The day of the victory parade was just like a holiday. Whenever a Boston team wins a title, the city has a “rolling” celebration. They use Duck Boats to carry the team’s players through the downtown streets, then the amphibious vehicles slip into the Charles River for a ride past the cheering crowds lining the shore, and then back up onto the streets again to finish the parade.
Our lucky penthouse suite had a fantastic view, but we wanted to watch the parade among the crowd. We went downstairs early and found a spot in the front row, leaning over the ropes. I almost could have reached out and shaken Rajon Rondo’s hand. (I remember thinking he looked so young, . . . almost like a high school kid.)
There’s a lot I have to skip here, or I’ll be writing all day. There was “the meatball story,” which had to do with some take-out food back at the penthouse, and what I’d done with it. We argued for hours about that story’s merits — was a joke I pulled really funny, or not? Then there was Colleen, asking the waiter where we had lunch the next day whether he thought it was funny. But I protested his decision — all the time she was explaining, he kept staring at the logo on her snug Celtics T-shirt. (When I bought it for her I didn’t realize the sizes ran small.) Seriously, what kind of impartial judge could he be?
And there was “the scallops-wrapped-in-bacon” incident at the food pavilion in Boston’s Quincy Market — but these stories will have to wait for another time.
To cut to the chase . . . I never expected the Celtics to win in six games. I thought the series would go to the seventh game, at which time I’d be back at work and Colleen would be home. If I had known they were going to win Tuesday night, and therefore the parade would follow a day or two later, . . . I never would have bought us tickets to the Boston Pops Orchestra. But after the parade, and walking a bit on The Freedom Trail, then stopping at P. F. Chang’s for lunch — that night we were off to Symphony Hall.
We stopped at the bar on the first floor of Symphony Hall. I got Colleen a pineapple martini and myself a beer, and we were sitting at a small table when out of the corner of my eye, I saw a guy approaching us fast. I was just about to jump up and defend us, when the guy reached out his hand with a big smile.
It was Gilberto Rivera, the singer and leader of the band Rumba Na Ma. Back then Rumba Na Ma played every Sunday for Johnny D’s salsa night.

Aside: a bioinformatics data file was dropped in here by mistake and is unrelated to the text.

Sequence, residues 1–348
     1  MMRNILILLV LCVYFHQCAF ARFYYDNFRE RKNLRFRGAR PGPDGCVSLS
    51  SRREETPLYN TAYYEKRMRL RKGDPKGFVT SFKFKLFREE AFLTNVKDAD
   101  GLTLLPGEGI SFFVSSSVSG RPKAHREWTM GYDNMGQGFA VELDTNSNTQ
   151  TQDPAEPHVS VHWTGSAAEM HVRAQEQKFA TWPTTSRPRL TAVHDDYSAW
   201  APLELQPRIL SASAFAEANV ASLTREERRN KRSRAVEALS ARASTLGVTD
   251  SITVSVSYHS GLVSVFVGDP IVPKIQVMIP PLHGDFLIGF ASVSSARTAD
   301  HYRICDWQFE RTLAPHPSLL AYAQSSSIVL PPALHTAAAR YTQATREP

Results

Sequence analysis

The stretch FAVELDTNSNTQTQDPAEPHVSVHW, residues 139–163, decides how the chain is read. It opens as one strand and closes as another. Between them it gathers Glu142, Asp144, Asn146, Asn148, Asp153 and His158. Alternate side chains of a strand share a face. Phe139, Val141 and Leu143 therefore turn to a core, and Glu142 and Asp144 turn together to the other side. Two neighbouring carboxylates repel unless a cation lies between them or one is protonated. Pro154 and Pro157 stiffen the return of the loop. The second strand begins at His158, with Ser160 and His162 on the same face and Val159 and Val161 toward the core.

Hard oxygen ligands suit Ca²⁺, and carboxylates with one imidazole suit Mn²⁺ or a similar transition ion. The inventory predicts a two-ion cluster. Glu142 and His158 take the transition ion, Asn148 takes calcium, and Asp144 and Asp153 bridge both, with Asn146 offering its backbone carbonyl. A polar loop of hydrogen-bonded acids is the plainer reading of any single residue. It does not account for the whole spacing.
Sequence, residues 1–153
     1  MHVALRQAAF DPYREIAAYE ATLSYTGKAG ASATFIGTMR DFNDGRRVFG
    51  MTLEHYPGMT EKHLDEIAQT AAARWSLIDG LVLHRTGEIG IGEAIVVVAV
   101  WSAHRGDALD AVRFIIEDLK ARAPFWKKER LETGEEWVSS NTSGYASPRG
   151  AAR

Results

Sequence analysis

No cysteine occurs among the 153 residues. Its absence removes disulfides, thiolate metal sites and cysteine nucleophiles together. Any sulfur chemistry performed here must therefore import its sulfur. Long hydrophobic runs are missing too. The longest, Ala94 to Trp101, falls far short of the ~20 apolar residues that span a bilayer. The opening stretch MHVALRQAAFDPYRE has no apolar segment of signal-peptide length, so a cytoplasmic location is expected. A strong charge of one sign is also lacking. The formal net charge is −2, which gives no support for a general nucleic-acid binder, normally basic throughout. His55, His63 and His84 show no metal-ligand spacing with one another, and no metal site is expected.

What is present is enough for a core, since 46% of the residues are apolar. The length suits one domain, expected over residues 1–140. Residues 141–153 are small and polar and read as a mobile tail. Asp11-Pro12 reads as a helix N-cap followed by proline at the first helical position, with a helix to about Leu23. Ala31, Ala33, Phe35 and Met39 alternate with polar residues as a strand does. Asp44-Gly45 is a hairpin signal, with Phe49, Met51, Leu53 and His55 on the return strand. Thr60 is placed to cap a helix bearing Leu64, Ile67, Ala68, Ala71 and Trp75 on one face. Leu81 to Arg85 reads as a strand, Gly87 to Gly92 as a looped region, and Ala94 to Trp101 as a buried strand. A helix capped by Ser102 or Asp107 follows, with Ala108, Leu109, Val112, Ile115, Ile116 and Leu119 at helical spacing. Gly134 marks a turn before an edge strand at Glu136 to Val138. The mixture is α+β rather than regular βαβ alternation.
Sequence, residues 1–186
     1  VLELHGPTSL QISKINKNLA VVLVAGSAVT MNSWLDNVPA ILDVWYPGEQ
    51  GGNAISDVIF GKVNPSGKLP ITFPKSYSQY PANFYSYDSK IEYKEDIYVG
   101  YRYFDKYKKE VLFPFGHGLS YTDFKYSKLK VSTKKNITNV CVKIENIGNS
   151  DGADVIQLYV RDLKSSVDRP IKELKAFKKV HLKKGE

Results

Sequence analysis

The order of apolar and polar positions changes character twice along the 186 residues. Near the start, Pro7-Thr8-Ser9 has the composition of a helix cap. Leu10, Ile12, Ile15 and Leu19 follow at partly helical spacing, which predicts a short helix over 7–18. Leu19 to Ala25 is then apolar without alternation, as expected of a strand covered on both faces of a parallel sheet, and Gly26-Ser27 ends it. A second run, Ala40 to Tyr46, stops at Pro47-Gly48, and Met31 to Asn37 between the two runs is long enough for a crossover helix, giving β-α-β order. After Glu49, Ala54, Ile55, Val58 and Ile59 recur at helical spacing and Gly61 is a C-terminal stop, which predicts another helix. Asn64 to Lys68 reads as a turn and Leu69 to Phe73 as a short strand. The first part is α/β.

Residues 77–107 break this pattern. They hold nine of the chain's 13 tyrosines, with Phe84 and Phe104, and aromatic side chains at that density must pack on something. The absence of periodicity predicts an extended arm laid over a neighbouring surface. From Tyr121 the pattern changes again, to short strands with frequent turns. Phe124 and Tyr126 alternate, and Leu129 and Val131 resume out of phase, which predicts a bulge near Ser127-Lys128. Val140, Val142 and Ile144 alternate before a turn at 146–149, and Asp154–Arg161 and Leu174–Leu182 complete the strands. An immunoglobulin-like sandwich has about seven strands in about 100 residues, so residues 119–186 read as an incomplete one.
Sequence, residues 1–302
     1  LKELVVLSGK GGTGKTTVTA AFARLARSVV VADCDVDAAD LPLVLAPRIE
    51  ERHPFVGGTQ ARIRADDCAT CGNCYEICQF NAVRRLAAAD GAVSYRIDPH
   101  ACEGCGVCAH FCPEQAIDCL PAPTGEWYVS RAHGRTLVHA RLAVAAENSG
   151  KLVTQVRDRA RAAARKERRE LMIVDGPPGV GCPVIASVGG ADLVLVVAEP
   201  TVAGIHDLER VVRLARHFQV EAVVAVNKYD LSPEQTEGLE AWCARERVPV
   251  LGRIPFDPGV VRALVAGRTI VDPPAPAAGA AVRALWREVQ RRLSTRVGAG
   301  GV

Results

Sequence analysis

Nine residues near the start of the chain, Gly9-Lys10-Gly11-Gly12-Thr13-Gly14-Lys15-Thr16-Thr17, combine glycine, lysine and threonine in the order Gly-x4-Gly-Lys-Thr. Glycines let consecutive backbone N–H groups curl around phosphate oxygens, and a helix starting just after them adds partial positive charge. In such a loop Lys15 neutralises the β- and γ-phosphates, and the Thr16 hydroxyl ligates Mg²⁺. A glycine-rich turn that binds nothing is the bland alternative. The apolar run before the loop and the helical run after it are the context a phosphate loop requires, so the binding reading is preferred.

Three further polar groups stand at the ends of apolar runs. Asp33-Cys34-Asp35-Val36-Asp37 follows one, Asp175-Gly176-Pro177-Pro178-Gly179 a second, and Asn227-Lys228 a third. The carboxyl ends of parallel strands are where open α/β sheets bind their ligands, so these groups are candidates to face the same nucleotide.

“What are you doing here?” I asked Gilberto after standing to introduce him to Colleen. “Oh, I’m getting some type of award,” he laughed, and I wasn’t sure whether or not to take him seriously.
For that night’s concert, one of the features was the semi-finals of a high-school talent contest that the Boston Pops was sponsoring. There was some unbelievable talent showcased. I couldn’t believe these were high school kids.
Anyway, after the four semi-finalists had performed, Keith Lockhart (the conductor of the BSO) stopped the show to present a Fidelity FutureStage Award.
And out walked Gilberto. He’s a band leader at night, but during the day he teaches music in the public schools.
Gilberto was laughing and smiling, waving to the audience as he accepted the award (he is a bit of a hot shit on stage.) The award included a $25,000 grant for musical equipment in his school.
As he walked off the stage, Colleen said, “He plays at your club every Sunday?”
“Yea,” I told her, “Funny we happened to be here tonight. It’s been a weird three days, hasn’t it?”
Little did I know it wasn’t over yet.
There was also a guest conductor for the BSO that night, and Keith Lockhart turned the stage over to him for part of the performance. The guest conductor directed the orchestra through one piece, then he stopped to address the audience.
He said how pleased he was to be here, and that he knew all of Boston was in a great mood because of the Celtics long-awaited victory.
The audience applauded loudly for a minute or two, and when it quieted down, the guest conductor was ready to say something more, before returning to the concert.